Embargoes, a fairly frequent topic of discussion on Covering Health, seem to bring out strong feelings in some people.
In one recent example allegedly involving embargoes, TheStreet.com’s Adam Feuerstein attempted to combat a rumor that the New England Journal of Medicine would be publishing an article about the experimental lung cancer drug seliciclib – a rumor that was seemingly driving up the stock price of Cyclacel Pharmaceuticals.
Photo by Billingham via Flickr
As Reuters Health Executive Editor – and AHCJ board member – Ivan Oransky asked, “Is saying what’s NOT in an embargoed journal breaking the embargo?” Oransky concluded that it was not a case of breaking an embargo. The ensuing discussion on Twitter and in the comments on Feuerstein’s article is interesting. For the record, the NEJM apparently sided with Feuerstein, according to a commenter on the story.
Today, Oransky weighs in on the wider topic of who is served by embargoes on medical studies:
Two weekends ago, at ScienceOnline2010, I heard an interesting thing about embargoes. Connie St. Louis, who directs the science journalism masters’ program at City University, London, told an audience that one of the reasons for embargoes on scientific journal studies is that with more eyeballs on the study before publication, it’s more likely researchers will catch flaws in papers, which can then be pulled.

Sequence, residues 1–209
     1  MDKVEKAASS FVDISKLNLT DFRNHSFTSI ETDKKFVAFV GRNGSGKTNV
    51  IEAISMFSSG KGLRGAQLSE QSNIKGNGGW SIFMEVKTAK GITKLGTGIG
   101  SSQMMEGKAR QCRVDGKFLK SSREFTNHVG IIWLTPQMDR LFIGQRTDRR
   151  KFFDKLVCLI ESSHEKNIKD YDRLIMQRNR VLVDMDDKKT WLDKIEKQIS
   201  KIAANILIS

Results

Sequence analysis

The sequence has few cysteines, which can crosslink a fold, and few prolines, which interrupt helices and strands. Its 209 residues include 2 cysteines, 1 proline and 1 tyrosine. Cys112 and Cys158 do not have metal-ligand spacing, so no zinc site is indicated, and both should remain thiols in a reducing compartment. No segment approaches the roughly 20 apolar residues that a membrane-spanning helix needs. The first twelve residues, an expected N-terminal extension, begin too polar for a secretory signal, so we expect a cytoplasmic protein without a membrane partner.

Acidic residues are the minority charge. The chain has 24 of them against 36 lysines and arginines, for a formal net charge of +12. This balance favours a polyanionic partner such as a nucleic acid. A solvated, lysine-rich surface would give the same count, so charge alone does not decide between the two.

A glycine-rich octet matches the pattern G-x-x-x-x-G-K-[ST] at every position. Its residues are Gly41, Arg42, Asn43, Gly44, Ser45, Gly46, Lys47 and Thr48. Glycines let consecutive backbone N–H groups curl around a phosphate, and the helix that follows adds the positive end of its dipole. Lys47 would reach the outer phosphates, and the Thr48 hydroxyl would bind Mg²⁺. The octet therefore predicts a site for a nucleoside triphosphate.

In other words, just as the FDA requires drug companies to monitor drug side effects in large populations once a drug is approved, in what’s called post-marketing surveillance or phase 4 testing, because such side effects may not show up in relatively small trials, this is a sort of post-acceptance peer review. So if a reviewer doesn’t catch an error during the normal course of peer review, journals can use the embargo period as a backstop.
I hadn’t heard that before, and I consider myself fairly well-acquainted with the arguments for and against embargoes. But it reminded me again that for all the talk of embargoes serving the public by allowing reporters to write more-informed stories, there are serious questions about whether journals are the group that gains most from embargoes.
As it turned out, I was in the midst of another episode that reminded me of that. Last week, the Cochrane Library published their quarterly set of reviews. Among them was a review of whether opioid drugs, when used as prescribed, carried a high rate of addiction. Cochrane researchers found that they don’t. That’s not the biggest research finding ever, but when you run a health news wire service filled with dozens of stories a day, like I do, it’s something worth covering. Plus, opioid dependence remains a big issue, for celebrities and lawmakers alike.